In the “useful” category is also a “useful” tab that lists general expendables (from batteries to clothespins to Sharpies—yes, with a picture and description of a Sharpie permanent marker), tapes and “Gells [sic] and Diffusion.”
The gels and diffusion section left me puzzled. Although it’s a list of the most common types of diffusion and color correction gels, the information on each is really vague and not helpful to anyone but complete novice. The diffusion lists stop loss, but the color correction does not. It also doesn’t work with mireds, so the general information isn’t quite as useful.
There is a pretty solid section on commonly used knots with step by step photos, although I wonder how easy it would be to follow if you didn’t already know how to tie these knots.
Also in the “useful” category is a tab on Condors, which includes detailed specifications from an unidentified manufacturer for several sizes of aerial platforms and scissor lifts.
Finally, there’s a “ref” (reference) tab that is really more of a glossary of general terms, with some incredibly basic terms defined (like shiny surface and rough surface) along with very esoteric ones (like “Magic Triangle,” which refers to a formula for calculating electrical resistance).
Wonderfully, there’s a powerful search tool that can search any term or product name in the app. Don’t know what a Baby Junior is? Type it in and find out it’s a 2K Fresnel fixture from Mole-Richardson and get all the details on that fixture you’d want. Also in this category are tabs for rentals, studios and “more.” These three tabs are frightfully non-comprehensive, each really lists only four options—mostly on the East Coast (New York and Florida).
The app’s overall design is pretty intuitive and easy to navigate. There’s an awkward imbalance between extraordinarily comprehensive information and some oddly henpecked data, along with some trivia that seems to have been thrown in just because it was lying around when the Enlightened Shenanigans team was working on the app. It’s obvious that the app creators have professional experience and some of their professional tastes and biases have made it into the app.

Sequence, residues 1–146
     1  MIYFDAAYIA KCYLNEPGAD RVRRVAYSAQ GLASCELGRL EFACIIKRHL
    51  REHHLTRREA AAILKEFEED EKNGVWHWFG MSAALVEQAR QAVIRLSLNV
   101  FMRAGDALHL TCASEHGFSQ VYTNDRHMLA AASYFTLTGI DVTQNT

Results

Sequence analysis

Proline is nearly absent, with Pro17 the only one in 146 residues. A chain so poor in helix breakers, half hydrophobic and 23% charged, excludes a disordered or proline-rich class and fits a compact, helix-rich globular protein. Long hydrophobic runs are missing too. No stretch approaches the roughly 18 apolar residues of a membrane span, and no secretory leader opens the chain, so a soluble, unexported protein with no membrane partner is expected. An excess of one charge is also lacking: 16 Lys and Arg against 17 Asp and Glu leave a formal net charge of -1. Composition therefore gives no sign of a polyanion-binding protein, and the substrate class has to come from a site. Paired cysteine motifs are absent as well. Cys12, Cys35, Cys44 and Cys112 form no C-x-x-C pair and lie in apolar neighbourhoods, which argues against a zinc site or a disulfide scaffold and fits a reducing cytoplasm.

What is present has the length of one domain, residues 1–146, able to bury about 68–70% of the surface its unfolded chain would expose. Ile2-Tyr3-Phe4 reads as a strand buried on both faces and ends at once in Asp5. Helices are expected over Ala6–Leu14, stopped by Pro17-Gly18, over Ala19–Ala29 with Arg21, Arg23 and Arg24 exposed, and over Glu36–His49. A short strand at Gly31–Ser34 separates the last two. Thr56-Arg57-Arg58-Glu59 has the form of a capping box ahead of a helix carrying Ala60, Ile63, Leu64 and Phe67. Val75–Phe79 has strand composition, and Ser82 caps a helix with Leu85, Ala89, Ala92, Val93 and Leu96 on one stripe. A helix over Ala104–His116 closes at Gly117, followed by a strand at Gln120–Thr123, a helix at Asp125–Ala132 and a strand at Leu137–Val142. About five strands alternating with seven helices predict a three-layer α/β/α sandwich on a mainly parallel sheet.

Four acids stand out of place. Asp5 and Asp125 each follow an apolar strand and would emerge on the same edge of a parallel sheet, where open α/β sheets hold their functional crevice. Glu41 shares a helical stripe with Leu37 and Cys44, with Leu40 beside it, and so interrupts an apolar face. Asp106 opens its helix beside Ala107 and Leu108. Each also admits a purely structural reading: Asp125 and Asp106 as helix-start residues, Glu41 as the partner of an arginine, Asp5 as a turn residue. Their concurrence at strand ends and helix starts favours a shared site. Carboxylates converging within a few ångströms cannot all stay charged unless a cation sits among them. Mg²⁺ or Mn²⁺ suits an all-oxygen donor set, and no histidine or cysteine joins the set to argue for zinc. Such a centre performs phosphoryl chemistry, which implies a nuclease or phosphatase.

Overall, however, it’s an incredibly useful app that basically lets you carry dozens of manufacturer catalogs and specifications in your pocket. It covers a wide range of categories pertinent to the set lighting technician and his daily tasks.
As far as apps go, the cost is a bit on the high side ($9.99), which may cause potential casual users to shy away from its useful collection of information. As it’s primarily a straight reference tool, $10 is about twice what I’d expect to pay. Pros will no doubt find this data very useful. If you’re a best boy with an iDevice and you don’t have this app, shame on you.
Enlightened Shenanigans also makes TheGripApp ($9.99), a similar tool for the grip department.
Product: Enlightened Shenanigans SetLighting
Pros: An incredible wealth of information for the set lighting technician. Basically dozens of manufacturer catalogs and specifications in one location.
Cons: Some arbitrary and odd information along with some arbitrary categories that have henpecked and random information. A little costly.
Bottom Line: A useful app for anyone who works with lighting/electricity on a set. A best boy’s best friend.